“Schlemmer had sensed that his abstract style was too avant-garde for the dance world of his time. In 1931 he wrote: ‘There is no doubt that the present climate is averse to experiments. However, if these experiments spring from an inner necessity and are not merely following fashionable trends, then the exact time of their realisation does not matter. For what are experiments if not the first step into the future?’” Susanne Lahusen, Mechanical Ballets? p. 12
Marionette-style costumes, vase-shaped torsos and a painterly approach to set design are iconic of Oskar Schlemmer, the first artist to explore abstraction in 1920s dance. Our next reading group will focus on the essay Mechanical Ballets? by Susanne Lahusen, which explores the lesser-celebrated mechanical dance and stage workshops of the Bauhaus era, a significant influence on Grace Schwindt for her recent film, Only a Free Individual Can Create a Free Society.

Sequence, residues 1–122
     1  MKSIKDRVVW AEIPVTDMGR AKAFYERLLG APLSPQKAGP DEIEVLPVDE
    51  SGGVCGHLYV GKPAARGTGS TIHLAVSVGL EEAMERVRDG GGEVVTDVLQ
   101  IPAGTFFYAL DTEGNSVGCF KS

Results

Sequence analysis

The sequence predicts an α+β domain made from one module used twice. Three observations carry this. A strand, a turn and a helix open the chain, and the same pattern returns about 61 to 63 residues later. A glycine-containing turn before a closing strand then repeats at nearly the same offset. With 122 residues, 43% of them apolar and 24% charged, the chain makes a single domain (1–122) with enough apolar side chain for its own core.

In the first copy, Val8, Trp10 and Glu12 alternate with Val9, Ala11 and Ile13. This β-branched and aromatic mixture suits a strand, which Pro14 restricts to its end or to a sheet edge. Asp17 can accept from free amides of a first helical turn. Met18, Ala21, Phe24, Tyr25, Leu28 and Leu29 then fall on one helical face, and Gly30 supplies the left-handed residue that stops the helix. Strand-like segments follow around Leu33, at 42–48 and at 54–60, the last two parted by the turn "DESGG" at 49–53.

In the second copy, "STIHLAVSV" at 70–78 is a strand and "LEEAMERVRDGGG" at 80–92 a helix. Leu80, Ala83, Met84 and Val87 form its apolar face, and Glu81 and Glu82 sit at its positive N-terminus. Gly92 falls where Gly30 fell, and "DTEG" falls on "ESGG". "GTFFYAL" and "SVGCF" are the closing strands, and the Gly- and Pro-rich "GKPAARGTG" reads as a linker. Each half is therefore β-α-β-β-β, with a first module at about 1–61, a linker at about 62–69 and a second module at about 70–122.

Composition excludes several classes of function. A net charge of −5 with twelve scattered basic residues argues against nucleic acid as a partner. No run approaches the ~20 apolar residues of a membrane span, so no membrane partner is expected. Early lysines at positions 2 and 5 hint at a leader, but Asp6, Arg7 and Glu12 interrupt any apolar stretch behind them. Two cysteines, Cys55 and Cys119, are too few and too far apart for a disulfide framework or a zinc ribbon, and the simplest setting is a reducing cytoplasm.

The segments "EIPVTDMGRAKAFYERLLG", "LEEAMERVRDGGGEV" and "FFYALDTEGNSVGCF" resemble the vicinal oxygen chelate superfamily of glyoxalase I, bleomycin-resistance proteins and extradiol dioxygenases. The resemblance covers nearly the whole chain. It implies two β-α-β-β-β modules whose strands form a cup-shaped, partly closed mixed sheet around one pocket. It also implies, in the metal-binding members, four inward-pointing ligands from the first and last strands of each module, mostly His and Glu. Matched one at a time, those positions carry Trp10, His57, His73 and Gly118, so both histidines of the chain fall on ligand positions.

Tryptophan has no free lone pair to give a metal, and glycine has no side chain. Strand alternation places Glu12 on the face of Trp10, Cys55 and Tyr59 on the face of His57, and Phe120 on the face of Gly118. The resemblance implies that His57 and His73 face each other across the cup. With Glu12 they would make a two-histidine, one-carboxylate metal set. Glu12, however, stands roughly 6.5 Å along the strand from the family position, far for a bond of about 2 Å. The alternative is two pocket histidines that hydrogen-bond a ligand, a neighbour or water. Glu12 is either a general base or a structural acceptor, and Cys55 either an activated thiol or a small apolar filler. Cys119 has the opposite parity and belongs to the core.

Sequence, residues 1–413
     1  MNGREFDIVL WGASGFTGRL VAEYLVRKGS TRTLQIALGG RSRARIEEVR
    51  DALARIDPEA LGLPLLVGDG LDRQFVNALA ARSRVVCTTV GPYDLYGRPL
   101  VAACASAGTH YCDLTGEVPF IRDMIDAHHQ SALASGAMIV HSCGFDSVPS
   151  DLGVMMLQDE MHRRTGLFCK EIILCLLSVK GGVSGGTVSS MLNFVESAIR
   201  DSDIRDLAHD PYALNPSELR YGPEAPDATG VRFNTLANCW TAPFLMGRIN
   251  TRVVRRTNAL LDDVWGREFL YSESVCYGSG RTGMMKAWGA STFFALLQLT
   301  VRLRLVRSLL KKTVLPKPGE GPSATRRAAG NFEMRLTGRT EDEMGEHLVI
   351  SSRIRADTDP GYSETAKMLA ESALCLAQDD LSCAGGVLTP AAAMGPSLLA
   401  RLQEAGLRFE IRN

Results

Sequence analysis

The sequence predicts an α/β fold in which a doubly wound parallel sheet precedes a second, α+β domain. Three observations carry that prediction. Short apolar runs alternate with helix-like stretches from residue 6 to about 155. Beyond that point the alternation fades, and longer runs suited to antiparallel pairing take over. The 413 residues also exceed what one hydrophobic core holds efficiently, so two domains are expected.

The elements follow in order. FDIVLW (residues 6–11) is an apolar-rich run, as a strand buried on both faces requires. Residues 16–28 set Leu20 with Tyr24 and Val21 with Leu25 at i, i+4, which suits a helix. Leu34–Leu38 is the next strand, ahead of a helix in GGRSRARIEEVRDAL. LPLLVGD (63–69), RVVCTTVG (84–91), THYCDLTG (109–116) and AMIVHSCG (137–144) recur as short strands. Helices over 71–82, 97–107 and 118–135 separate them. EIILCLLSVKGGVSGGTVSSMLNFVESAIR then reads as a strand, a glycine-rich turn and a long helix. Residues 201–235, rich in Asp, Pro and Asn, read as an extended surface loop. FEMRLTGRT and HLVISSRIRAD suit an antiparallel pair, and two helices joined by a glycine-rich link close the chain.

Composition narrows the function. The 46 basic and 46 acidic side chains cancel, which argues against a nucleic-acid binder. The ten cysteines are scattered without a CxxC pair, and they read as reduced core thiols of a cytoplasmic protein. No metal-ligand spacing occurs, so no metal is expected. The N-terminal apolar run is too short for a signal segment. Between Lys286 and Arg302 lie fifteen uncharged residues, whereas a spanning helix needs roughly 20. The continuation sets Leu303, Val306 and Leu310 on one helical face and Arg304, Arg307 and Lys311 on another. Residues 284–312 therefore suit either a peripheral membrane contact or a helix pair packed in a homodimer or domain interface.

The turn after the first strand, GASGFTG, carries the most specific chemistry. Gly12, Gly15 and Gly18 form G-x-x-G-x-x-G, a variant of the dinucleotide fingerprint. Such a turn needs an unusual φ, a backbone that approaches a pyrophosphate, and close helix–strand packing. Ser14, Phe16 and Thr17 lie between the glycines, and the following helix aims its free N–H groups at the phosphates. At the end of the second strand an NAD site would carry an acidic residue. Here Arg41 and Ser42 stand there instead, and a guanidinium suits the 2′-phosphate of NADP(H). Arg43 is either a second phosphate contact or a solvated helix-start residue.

The group will be led by Michael White, Professor of History of Art at the University of York, and will consider Schlemmer’s and Schwindt’s ideas regarding the abstraction of human form in relation to space and freedom of expression.
We will also show film clips of Schlemmer’s Das Triadische Ballet, recreated in 1970 by choregrapher Margarete Hasting.
Michael White is a Professor of History of Art at the University of York with particular expertise in the early twentieth century avant-gardes. He has published widely on Dada and Constructivism and was curator of the exhibition Mondrian and his Studios at Tate Liverpool in 2014.
The text Mechanical Ballets? by Susanne Lahusen will be sent to you after registration.